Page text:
Africa’s rapid mobile Internet growth will drive network expansion and media spend
The number of people in Africa using their mobile to access the Internet has rocketed over the last year. In many instances the number of mobile Internet subscribers far outstrips their fixed line equivalent. Sinking voice ARPUs may finally come off their downward curve on the rise of data revenues. Cheaper bandwidth and new developments look set to encourage this growth. The mobile is also a media as increasing numbers of people use it to access stuff and as it establishes itself as a media, advertisers will not be far behind. Russell Southwood looks at what’s happening just below the radar.
By the end of 2008, South Africa had 1.35 million Internet subscribers, of which, according to World Wide Worx, 794,000 were wireless Internet subscribers and 588,000 were ADSL subscribers. Even discounting fixed wireless subscribers, there are more mobile Internet subscribers than fixed.
I hear you saying that this is South Africa and the rest of Africa is different. So I present you with two more pieces of evidence. UCC’s year end figures for Uganda show 214,293 active mobile Internet accounts up from 166,621 at the end of Q3, 2008. Compared to? 22,000 fixed line subscribers. In late 2008 in Tanzania there were 600,000 EDGE/GPRS subscribers and 15,000 HSDPA subscribers compared to just over 70,000 fixed line Internet subscribers.
Several things are striking about these figures. Although there is undoubtedly duplication between fixed and mobile Internet subscribers, the number of mobile Internet subscribers is in the hundreds of thousands whilst its fixed equivalent is in the tens of thousands. It also implies that there is a far larger group of people willing to buy Internet services if only it worked and was priced right.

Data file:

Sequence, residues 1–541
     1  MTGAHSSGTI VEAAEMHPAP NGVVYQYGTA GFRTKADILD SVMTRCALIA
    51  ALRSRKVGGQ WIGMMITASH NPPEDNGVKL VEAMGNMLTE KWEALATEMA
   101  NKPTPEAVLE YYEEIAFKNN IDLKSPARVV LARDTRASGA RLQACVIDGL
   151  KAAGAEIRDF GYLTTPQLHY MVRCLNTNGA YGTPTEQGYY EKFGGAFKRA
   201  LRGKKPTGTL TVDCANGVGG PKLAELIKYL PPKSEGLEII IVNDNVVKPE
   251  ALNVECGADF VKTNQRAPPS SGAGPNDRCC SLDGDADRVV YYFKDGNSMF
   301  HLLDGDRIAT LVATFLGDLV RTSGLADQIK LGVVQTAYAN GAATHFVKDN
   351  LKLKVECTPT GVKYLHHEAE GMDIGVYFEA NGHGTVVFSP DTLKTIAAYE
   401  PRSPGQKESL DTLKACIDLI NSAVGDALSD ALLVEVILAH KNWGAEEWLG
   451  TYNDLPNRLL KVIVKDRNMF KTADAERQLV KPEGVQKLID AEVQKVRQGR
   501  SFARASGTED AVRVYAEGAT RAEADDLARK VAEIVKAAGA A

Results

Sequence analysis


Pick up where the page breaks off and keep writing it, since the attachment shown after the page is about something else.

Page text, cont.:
These kinds of user numbers allow for a “critical mass” that will encourage further use. So far there is much less data on revenues but if data (including SMS) is around 12% of overall mobile revenues in South Africa, it’s hard to see why these kinds of figures won’t turn in significantly higher revenues elsewhere.
There is also a take-off point waiting to happen at the user end. What’s the difference between e-mail and SMS? A different interface and one has a far more limited length of message. Several million Africans in any country you care to name use SMS (Ugandans sent US$39.4 million worth of them last year) so why can’t they use their mobile to send e-mails instead? The answer must in large part lie in the simplicity of the SMS interface.
Enter a number of companies who have produced e-mail workarounds that give you different levels of Internet functionality on some or all phones. Synchronica boasts that its apps will deliver “a Blackberry for the rest of us” in Africa. It has had a range of deals with operators including Zain and MTN It is aimed at consumers and business users who may not have high-end phones.
The software allows the user to receive e-mails and for them to be sent back as e-mails. In addition any any SyncML-enabled device will allow the user to synchronise Google contacts and calendars. It believes its software is one weapon in the armoury of operators to reduce churn.
ForgetMeNot’s Message Optimiser product means that users can initiate e-mails and add e-mail addresses to their phone: for the latter, users are sent a number to use. This product claims to be able to work across nearly all handsets, including many of the cheapest. It will launch its first service with an operator in South Africa at the end of the month.
It concatenates messages so it can “add” three SMS messages together, for example, to give 480 characters. It will also allow a local provider to let its users send an e-mail/SMS locally and then deliver that e-mail internationally: in other words, Kofi in Accra can send a message to his son in London for the price of an SMS.